Recommended Age, Grade, and Reading Levels
- Age: 8 to 13
- Grade: 3 to 8
- Reading age: 8 to 13
This irreverent and witty book describes the building of Canada's railway. Author Ted Staunton serves up a saucy tour through the railway fiasco beginning in the 1850s with the first attempts at running a steam engine on a short length of track.
With cartoon-style illustrations on every page, this book uncovers the scandals about government financing, as well as the to-ing and fro-ing about the route around the Great Lakes and the arduous labour, rotten boots and hallucinations. In place of a tedious textbook, this is history designed to entertain.
About the authors
TED STAUNTON a écrit plus de quarante livres jeunesse et a contribué à la sériepopulaire Seven. Il joue aussi de la musique folk et blues. Ted se rend souventdans des écoles et des bibliothèques canadiennes. Il donne aussi un cours derédaction au collège George Brown à Toronto. Quand il n’est pas plongé dans un livre, il fait souvent de la musique avec le Maple Leaf Champions Jug Band..
Ted Staunton is the award-winning author of over forty books for young people, including Bounced, What Blows Up in The Almost Epic Squad series, the picture book Friends for Real, illustrated by Ruth Ohi, and the coauthor of the non-fiction title It Seemed Like a Good Idea . . . : Canadian Feats, Facts and Flubs, with his son Will. A busy and popular presenter at schools across Canada, Ted also teaches writing at George Brown College in Toronto, and is a roots/blues musician in whatever time is left over. Visit him online at www.tedstauntonbooks.com.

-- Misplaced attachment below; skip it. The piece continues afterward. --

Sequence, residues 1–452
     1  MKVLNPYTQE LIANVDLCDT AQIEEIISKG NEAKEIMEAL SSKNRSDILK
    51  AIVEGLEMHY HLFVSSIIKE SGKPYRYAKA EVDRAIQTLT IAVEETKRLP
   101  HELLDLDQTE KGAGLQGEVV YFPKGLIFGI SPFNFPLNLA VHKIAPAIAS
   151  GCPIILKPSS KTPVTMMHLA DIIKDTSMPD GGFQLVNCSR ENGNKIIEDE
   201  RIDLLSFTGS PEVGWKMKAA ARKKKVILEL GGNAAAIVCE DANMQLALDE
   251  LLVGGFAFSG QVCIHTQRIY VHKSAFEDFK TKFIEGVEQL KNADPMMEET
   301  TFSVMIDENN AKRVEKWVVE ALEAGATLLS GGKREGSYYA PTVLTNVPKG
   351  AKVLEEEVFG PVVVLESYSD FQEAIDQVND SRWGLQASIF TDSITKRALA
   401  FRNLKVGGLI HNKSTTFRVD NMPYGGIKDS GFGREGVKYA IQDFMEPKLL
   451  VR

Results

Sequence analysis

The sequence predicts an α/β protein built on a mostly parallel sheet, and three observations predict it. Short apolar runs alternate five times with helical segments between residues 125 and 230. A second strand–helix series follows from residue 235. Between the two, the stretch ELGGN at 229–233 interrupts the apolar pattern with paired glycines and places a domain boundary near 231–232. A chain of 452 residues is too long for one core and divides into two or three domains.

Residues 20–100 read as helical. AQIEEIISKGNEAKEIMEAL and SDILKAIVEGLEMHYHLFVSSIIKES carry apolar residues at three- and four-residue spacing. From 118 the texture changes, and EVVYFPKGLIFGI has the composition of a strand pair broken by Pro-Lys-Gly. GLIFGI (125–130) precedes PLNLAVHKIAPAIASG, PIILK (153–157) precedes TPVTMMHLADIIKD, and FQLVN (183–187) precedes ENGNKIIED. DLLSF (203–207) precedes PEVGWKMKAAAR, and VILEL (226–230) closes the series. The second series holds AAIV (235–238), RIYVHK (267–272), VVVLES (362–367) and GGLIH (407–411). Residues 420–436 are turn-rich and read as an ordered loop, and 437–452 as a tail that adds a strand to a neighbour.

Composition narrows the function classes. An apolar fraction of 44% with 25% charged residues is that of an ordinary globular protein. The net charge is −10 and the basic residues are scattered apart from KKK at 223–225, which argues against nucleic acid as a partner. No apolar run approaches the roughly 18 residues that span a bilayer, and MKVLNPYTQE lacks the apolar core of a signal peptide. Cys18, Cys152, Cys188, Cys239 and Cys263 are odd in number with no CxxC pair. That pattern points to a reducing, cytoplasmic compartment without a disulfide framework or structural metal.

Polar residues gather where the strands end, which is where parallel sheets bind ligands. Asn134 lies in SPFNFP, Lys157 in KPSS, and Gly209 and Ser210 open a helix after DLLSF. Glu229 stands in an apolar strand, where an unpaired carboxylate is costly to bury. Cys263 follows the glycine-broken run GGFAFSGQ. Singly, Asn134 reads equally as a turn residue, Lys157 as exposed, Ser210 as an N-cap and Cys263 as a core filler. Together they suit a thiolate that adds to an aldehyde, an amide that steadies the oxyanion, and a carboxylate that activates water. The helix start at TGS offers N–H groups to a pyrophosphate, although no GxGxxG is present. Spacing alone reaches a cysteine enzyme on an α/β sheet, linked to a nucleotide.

- Winner, Canadian Children's Book Centre Our Choice Selection
"... a tale of corruption, political intrigue and natural disasters ... [that would definitely appeal to ... boys ... and even to the most reluctant reader."
The Dreadful Truth: Building the Railway (The Dreadful Truth)An irreverent and witty account of the building of Canada’s railroads – rife with scandals, blunders and disasters – written for those who don’t usually enjoy history books.
Source: The Canadian Children’s Book Centre. Canadian Children’s Book News. 2007.